Yes. I do incorporate all sort of objects and re-claimed wood found on the streets. It is after all our environment. I try to get objects that are unusual, items you rarely see, work with them and assemble a balanced composition with them until something starts to take shape. I find that people relate to these items, which make an initial connection, but then, I change their perspective by creating something completely different and unexpected on top of each ensemble. It has become a true definition of “one ugly item by itself, it’s just ugly – one hundred ugly items, organized and systematically planned, become beautiful.”

How has your art changed over the years and where do you see it going?

I don’t know if it has changed that much as it has matured. My symbol isms are still there, just more fluid. My hidden messages, graphic work, photography, illustration, graffiti… it’s all there. Just different. I have found a way to interpret all my ideas. Not a formula but more like a visual language that I can grow upon, which is what I am planning on doing. I see my work being more interactive. Bigger. Bolder. Something that only happens with time and the right projects.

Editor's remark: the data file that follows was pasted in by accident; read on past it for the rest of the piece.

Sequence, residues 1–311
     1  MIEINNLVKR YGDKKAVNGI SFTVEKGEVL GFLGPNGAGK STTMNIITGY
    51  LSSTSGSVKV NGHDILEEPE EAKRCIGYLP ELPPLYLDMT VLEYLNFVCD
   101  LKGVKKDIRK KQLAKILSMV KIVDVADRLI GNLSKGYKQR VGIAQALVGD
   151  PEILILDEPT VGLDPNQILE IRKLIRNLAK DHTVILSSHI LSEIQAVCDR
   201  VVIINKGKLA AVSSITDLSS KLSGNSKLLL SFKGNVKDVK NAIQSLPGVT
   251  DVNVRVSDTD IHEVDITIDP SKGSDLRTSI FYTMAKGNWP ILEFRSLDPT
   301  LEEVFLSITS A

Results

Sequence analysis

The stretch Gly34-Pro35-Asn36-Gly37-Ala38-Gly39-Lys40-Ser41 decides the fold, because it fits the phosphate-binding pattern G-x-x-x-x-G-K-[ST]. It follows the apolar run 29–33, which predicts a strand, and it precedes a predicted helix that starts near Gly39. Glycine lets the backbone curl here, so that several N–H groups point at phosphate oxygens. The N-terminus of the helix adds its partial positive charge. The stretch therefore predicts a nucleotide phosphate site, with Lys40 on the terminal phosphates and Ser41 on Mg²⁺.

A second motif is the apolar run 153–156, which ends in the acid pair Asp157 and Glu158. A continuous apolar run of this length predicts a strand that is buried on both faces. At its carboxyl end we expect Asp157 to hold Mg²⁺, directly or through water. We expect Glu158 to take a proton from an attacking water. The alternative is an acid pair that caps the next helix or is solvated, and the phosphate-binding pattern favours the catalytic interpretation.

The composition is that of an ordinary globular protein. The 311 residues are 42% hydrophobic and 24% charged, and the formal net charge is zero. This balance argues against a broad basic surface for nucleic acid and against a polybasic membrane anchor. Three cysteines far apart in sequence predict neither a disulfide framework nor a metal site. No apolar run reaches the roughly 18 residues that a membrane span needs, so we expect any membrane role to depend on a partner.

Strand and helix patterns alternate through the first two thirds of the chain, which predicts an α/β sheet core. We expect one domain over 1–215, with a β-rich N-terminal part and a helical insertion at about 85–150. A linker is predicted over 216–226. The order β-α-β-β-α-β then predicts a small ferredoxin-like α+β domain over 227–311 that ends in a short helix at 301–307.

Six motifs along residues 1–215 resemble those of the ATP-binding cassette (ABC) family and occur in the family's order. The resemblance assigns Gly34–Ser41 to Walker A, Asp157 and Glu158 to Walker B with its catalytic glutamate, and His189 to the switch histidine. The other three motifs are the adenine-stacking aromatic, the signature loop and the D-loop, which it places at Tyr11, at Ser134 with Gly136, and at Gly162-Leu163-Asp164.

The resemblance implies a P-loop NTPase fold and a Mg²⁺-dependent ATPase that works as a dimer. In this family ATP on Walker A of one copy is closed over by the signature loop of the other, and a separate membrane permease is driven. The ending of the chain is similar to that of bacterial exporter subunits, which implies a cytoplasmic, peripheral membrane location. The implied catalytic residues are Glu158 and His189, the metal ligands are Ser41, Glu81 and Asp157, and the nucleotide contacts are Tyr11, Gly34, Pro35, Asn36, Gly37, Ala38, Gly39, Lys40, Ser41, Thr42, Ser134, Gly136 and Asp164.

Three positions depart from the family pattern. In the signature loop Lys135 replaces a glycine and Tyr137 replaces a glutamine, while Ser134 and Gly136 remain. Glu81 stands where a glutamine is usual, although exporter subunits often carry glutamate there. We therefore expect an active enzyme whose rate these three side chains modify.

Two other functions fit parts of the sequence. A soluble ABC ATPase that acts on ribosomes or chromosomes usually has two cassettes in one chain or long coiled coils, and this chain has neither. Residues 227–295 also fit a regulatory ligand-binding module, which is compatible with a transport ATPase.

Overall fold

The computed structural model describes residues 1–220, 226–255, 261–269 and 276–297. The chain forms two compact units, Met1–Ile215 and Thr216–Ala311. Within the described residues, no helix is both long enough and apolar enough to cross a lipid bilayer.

You are from the Dominican Republic. How does your heritage inform your art?

In almost every way. First off: color. My island has a lot of color and folklore. I try using my folklore to focus on my heritage, and hide it within my work. I don’t like to scream my origin, but if someone happens to see a symbol or a Dominican item like the “Limping Devil,” guira or drums, then great! If not, no big deal. But the reality is that a lot of ideas I have, have been brewing ever since I was a child in that small island in the Caribbean. I just now posses the tools to do it. My nationality does not dictate my art, but it shapes it.